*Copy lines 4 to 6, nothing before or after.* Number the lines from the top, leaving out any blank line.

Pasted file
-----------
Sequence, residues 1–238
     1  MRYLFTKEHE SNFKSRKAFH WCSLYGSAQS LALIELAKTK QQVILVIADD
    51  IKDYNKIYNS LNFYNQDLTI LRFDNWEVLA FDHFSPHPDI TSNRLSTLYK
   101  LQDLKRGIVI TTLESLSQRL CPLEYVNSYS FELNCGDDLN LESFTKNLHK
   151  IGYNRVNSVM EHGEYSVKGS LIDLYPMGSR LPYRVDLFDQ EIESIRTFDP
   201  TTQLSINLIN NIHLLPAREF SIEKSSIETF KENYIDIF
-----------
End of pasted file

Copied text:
   101  LQDLKRGIVI TTLESLSQRL CPLEYVNSYS FELNCGDDLN LESFTKNLHK
   151  IGYNRVNSVM EHGEYSVKGS LIDLYPMGSR LPYRVDLFDQ EIESIRTFDP
   201  TTQLSINLIN NIHLLPAREF SIEKSSIETF KENYIDIF